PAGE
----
So even before you get to the city itself, Iraqi and Kurdish and other militias are still engaged in very tough fighting to clear ISIS from the surrounding areas, but the toughest fighting is certainly taking place in the eastern outskirts of Mosul. It is in those neighborhoods where Iraqi forces have entered Mosul. And it is only in that area and it is where they were being resisted very, very strongly. ISIS knew they were coming. So what they have been doing is constructing tunnels, car bombs, other improvised explosive device. They've got snipers. They are using mortar fire in these built-up areas. The streets are very narrow. ISIS knows the territory incredibly well. So it is a difficult fight. And so for that reason, the progress has been very slow. And all of this is taking place in an area that still has citizens living in it. So there is a huge humanitarian impact on this part as it continues. Christine.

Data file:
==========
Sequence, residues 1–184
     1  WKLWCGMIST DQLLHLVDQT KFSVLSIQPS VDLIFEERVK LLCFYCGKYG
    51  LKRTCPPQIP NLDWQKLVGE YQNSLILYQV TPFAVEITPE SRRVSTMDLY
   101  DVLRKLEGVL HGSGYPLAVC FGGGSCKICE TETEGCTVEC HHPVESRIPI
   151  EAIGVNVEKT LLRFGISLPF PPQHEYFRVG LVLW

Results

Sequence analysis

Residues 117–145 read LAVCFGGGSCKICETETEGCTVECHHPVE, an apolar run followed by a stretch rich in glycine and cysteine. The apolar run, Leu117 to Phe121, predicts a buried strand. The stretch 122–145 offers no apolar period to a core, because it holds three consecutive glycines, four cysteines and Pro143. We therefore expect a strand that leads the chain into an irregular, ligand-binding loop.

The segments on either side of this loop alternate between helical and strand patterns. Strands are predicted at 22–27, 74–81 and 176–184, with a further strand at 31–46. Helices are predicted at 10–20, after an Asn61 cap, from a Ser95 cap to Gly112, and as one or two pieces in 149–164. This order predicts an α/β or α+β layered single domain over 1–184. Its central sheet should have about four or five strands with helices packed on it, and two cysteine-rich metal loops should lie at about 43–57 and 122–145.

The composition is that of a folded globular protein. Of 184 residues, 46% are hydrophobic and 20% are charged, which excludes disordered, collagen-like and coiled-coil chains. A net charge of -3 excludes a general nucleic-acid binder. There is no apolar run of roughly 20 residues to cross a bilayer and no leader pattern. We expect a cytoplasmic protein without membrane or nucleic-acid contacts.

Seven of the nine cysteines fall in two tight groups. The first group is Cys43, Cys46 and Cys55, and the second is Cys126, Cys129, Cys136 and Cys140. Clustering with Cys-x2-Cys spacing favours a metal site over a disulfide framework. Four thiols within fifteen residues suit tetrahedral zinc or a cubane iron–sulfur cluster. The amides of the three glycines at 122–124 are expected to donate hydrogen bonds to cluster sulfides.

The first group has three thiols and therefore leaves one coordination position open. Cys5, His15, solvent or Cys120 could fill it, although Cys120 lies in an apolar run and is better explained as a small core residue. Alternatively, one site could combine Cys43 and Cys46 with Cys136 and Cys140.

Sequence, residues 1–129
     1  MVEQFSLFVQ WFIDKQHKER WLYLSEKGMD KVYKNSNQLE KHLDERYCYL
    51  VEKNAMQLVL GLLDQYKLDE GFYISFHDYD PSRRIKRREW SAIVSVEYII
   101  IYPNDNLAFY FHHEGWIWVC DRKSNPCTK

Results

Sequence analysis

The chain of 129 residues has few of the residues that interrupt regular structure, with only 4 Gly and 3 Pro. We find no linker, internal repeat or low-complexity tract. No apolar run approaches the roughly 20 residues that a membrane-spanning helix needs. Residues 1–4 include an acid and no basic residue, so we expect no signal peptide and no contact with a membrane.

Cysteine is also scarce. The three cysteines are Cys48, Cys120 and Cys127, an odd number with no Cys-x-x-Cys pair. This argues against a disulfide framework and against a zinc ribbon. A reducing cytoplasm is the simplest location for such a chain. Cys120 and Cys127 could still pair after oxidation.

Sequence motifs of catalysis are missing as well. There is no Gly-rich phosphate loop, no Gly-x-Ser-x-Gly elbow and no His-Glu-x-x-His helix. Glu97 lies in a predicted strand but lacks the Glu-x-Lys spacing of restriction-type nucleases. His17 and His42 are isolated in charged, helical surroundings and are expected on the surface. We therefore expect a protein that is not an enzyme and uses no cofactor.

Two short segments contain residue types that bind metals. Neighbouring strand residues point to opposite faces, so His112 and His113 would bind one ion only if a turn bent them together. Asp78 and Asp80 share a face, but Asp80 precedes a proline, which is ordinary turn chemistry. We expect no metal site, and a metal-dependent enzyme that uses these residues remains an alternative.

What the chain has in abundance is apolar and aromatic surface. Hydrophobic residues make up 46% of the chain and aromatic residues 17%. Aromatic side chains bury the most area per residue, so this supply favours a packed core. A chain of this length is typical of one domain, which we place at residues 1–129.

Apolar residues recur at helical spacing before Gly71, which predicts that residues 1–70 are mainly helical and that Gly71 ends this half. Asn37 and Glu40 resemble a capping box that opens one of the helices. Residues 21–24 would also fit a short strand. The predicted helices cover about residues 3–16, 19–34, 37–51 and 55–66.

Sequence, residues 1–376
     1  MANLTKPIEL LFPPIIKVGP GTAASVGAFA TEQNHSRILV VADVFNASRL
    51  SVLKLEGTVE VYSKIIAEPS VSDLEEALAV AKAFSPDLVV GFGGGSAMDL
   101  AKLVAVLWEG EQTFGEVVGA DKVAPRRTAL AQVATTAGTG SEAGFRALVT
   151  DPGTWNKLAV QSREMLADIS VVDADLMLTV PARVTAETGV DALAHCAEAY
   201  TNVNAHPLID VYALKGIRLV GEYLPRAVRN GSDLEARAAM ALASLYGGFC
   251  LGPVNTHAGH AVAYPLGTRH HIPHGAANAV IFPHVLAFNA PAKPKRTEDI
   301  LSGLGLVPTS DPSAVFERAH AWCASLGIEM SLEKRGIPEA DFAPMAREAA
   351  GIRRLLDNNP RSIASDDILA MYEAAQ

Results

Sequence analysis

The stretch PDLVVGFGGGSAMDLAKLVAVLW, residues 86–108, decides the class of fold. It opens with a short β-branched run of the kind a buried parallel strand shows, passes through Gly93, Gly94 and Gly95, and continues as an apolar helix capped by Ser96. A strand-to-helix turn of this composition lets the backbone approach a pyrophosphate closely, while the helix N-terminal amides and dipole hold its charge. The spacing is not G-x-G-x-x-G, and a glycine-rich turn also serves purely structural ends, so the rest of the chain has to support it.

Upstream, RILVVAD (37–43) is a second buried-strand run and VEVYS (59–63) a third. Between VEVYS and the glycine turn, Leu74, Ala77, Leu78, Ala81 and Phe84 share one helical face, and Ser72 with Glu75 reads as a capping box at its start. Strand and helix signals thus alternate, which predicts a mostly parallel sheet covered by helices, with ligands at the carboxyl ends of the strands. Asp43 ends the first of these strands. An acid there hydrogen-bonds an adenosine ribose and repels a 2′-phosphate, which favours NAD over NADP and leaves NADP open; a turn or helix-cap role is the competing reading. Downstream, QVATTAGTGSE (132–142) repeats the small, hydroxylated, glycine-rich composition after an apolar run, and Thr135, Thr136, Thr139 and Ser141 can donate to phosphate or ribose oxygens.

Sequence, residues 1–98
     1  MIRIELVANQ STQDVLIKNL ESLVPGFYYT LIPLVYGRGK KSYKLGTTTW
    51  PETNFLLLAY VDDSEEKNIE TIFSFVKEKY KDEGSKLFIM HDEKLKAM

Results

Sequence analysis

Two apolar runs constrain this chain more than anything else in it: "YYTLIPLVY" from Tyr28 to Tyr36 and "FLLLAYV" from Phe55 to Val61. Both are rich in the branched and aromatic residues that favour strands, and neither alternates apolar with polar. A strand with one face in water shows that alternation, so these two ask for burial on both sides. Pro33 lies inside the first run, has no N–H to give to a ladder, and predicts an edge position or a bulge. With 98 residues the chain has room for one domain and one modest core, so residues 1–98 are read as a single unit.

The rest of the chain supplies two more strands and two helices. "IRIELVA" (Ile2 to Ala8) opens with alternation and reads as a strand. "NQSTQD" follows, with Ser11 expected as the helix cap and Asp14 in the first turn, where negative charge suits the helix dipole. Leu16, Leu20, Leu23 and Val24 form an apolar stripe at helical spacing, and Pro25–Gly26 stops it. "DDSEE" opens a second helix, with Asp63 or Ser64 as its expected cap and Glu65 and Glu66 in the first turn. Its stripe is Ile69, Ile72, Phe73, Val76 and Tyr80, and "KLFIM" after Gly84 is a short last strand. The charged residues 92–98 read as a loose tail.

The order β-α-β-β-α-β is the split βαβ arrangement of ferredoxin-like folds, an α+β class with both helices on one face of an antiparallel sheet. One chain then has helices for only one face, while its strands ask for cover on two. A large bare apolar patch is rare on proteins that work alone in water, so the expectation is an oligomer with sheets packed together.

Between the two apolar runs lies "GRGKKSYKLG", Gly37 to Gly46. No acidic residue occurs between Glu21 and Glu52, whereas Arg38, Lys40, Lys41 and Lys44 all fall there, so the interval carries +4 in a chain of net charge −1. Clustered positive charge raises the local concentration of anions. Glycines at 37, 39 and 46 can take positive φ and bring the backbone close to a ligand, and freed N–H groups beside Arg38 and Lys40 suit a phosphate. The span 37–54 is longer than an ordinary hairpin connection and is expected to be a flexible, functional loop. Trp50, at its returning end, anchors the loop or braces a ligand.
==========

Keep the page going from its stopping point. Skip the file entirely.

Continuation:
[04:25:11] ROMANS: Of course. All right. Thank you so much, Phil. Thanks.

BLACKWELL: And a suspected killer of a central California police officer is in custody following a manhunt. The alleged shooter, David Machado, was captured driving a stolen car. Now, police say he carjacked someone after fatally shooting Officer Dennis Wallace. The Stanislaus County sheriff's deputy was shot twice in the head while investigating a report of the suspicious vehicle.

ROMANS: And in South Carolina, former North Charleston police officer Michael Slager's murder trial now entering the third week with defense mounting its case. Slager accused of fatally shooting Walter Scott, who was running away from the officer when he was shot last year. The defense claims Slager was provoked. They say Scott resisted being restrained by a stun gun, which led to a physical altercation. Slager faces 30 years to life in prison, if convicted.

BLACKWELL: President-elect Trump is talking about hate crimes and protests. The special prosecutor for Hillary Clinton and you remember the campaign rally chant build that wall. How much of it will now be a fence? You will hear from him next.